Jon Michael Montgomery, Investigator I, North Central Regional Jail, for conducting 77 investigations over the course of 2020 including 26 drug-related cases, 17 alleging staff misconduct and 17 involving enforcement of the federal Prison Rape Elimination Act. Montgomery referred 41 of these cases to the West Virginia State Police for potential prosecution. Montgomery's hard work is credited for holding inmates as well as staff accountable.
 
“Jon has 20-plus years of law enforcement experience and freely shares his knowledge with other investigators and staff," said Matthew “Shawn" Carson, his supervising investigator. “Jon is always willing to respond to NCRJ when he is needed."
 
Sgt. Jaclyn Nead, Correctional Officer IV, Eastern Regional Jail, for stepping up to help support the newly consolidated administration of ERJ and neighboring Martinsburg Correctional Center. Nead's performance earned her a promotion within four months of starting as a correctional officer. She has also helped to supervise staff at the two facilities amid turnover challenges. Nead has excelled after a harrowing start: while a in-facility trainee, Nead was attacked by an inmate who threatened her with a weapon to her throat.
 
“She has been instrumental in maintaining the daily operations" of her unit, said Associate Superintendent of Security Strider Ouimet. “The facility would be at a significant loss without her efforts."
 
Adam Taylor Pruett, Corrections Counselor II, Vicki Douglas Juvenile Center, for stepping up amid COVID-19 and staffing challenges at this facility. Pruett serves as the juvenile center's PREA compliance manager in addition to his other duties. The training and leadership he has provided is credited for the successful compliance audit of his facility. When short of staff, Pruett also assists with cleaning, laundry and meal preparation duties as well as working security posts.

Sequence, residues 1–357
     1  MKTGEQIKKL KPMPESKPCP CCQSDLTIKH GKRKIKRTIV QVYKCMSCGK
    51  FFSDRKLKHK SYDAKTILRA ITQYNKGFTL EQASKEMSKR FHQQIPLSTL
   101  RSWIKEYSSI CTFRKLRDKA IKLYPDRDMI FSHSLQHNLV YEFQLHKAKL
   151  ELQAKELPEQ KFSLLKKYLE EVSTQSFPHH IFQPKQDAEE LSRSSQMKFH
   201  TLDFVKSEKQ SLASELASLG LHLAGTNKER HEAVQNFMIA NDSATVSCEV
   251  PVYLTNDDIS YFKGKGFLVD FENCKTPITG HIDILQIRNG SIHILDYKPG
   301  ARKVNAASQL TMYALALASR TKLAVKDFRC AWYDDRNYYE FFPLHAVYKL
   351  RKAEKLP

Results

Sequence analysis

John Tackett, Parole Officer II, for wearing multiple hats while serving in the Parole Services district that includes Logan County. In addition to handling his supervisory caseload, Tackett is a special deputy U.S. Marshal assigned to the Violent Offenders Fugitive Task Force in the state's southern federal court district. Tackett has helped carry out multiple warrant sweeps including Operation Delta 146, organized in honor of slain Charleston Police Officer Cassie Johnson, and Operation Autumn Hope in 2021 that led to the recovery of 45 missing children in both southern West Virginia and Ohio.
 
Sandra Barton, Administrative Services Assistant I, West Virginia Corrections Academy, for providing support to the recently consolidated Corrections Academy and the ongoing improvements to the training it provides. Barton is credited with overseeing the application process for specialized training, and for keeping remote and off-site training running smoothly amid the pandemic response.
 
William Todd Hayes, Corrections Unit Manager, for his response to a March 2021 fire at the Salem Correctional Center. Hearing a fire alarm, Hayes immediately identified its location, in SCC's laundry facilities. Finding heavy smoke there, he directed the building's evacuation and then attempted to fight the fire with a handheld extinguisher. Hayes assisted responding firefighters, pulling hoses and setting up exhaust fans. Hayes actions are credited with the fire resulting in no injuries and minor damages.